Business Continuity Planning vs. Disaster Recovery Planning. Marilyn A. Blake, AU, CRM Joyce A. Hermann, AU, CISR. There’s an old saying…. No one plans to fail, they just fail to plan. What’s the Difference?.
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Marilyn A. Blake, AU, CRM
Joyce A. Hermann, AU, CISR
No one plans to fail,
they just fail to plan.
Getting beyond just information systems recovery requires a more comprehensive type of plan than just a disaster recovery plan. Telecommunications companies cannot underestimate the importance of business continuity planning.
Disruptions in service can be caused by power outages, floods, snowstorms, earthquakes or something as severe as a chemical or physical attack. It doesn’t have to be terrorism, hackers, or computer viruses—but it could be.
Downtime from the disruption - whether it's hours, days or longer - can be costly.
Goal of the Plan: Limiting injuries and damages and returning more quickly to normal operations
Preparedness is EVERYONE’s job; during the first few hours/days following an emergency, essential services may not be available. So, EVERYONE must be ready to act.
(according to their assigned roles)
Even if these situations only kept your operations closed for a few days, it would be more than an inconvenience — especially if you had not planned how to handle it.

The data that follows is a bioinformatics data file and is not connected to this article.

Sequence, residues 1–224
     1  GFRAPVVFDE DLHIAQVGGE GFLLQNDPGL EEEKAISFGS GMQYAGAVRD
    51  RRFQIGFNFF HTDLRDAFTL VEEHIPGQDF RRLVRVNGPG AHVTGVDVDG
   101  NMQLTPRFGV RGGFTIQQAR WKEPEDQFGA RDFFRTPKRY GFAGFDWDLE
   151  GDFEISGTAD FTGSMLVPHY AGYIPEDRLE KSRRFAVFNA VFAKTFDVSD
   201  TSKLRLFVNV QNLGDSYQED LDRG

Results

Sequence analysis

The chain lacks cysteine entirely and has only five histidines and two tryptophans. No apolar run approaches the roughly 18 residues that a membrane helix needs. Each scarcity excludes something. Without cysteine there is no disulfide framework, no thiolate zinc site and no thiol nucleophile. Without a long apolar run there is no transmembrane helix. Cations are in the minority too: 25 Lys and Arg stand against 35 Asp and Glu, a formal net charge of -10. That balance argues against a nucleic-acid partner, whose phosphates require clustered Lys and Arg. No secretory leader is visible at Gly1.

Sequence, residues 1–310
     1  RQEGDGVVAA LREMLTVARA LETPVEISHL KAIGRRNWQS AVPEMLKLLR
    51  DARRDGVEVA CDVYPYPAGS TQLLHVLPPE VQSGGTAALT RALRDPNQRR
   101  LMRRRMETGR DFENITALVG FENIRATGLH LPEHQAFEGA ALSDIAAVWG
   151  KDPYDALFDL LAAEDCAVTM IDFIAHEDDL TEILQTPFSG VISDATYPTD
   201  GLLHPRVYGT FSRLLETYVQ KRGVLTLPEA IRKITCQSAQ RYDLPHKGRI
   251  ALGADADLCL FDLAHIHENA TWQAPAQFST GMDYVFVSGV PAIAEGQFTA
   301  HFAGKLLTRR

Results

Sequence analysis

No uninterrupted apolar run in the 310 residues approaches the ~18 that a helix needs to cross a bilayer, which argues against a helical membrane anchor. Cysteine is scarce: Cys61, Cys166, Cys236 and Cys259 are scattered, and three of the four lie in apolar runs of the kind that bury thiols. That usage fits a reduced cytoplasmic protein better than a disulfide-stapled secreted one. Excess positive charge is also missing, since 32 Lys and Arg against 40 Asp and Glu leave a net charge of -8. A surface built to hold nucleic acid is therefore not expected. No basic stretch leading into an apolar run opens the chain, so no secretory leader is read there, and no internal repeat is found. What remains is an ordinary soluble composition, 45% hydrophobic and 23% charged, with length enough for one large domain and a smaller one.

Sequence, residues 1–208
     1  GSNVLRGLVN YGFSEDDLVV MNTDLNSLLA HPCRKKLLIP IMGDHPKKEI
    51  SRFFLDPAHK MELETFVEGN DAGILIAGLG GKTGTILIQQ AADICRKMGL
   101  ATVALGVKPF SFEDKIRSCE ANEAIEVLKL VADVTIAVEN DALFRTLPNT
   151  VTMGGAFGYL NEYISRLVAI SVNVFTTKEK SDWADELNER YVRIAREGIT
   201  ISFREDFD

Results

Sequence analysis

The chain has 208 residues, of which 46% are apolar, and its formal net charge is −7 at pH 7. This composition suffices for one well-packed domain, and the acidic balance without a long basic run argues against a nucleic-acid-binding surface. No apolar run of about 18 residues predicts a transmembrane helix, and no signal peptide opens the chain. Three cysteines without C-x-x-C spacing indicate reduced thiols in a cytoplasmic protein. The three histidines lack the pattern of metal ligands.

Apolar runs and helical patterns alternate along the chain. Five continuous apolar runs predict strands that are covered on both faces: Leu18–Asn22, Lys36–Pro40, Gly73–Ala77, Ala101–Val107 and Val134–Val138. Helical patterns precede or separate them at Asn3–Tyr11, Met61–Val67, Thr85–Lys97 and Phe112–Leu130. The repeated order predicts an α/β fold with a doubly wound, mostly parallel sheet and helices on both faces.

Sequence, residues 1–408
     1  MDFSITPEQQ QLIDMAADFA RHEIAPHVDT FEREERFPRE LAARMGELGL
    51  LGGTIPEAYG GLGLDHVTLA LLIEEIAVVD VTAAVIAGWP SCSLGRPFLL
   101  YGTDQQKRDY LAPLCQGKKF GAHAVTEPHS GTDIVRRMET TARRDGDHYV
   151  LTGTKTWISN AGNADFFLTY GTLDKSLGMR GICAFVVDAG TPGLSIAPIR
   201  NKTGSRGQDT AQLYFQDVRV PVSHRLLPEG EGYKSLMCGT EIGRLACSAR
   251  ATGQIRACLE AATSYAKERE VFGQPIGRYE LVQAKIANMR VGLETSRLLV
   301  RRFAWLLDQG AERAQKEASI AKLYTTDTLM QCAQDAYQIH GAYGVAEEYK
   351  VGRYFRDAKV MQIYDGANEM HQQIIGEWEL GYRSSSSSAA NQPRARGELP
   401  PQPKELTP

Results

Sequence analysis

If your building survived, without an business continuity plan, you have no guarantee that your business would. What if your customers didn’t all return?
Even if emergency events only shut you down for a short period of time, your business would be interrupted and cause you discomfort.
Fire and Dollars
Winter storm (snow/ice/hail)
Unexpected loss of key supplier
Pandemic fluWhat are Some Examples of an Emergency?
Rank on a scale 1-5 (low impact-high impact)
The lower the score the better
Telcom has prepared a sample fill-in-the-blank telco-specific document as a starting point for Step #3
In order to responsibly serve our customers, our communities, and your employees, ABC Telecom must be able to respond efficiently and effectively in all emergency situations and restore lost communications as rapidly as possible. The overall objective shall be returning customers communications service and the Cooperative’s operations to normal working conditions, while observing all safety precautions, as soon as possible.
It may be necessary to bring in contractors either in preparation or during an emergency or to help clean-up afterwards
In many situations, generators may be necessary to continue your business operations. Don’t forget, refueling plans
for your building (who has access)
Whether it’s a hacker, service interruption, or mechanical problem in your office:
While most emergency situations are handled locally, when there’s a major incident help may be needed from other jurisdictions, the state and the federal government. National Incident Management System (NIMS) was developed so responders from different jurisdictions and disciplines can work together better to respond to natural disasters and emergencies, including acts of terrorism. NIMS benefits include a unified approach to incident management; standard command and management structures; and emphasis on preparedness, mutual aid and resource management.
Has to be a work in progress…as you keep progressing!
No business continuity plan can guarantee that your telecommunications company won’t suffer any losses--but it can minimize the damage and help use all of your resources to protect your employees and your business.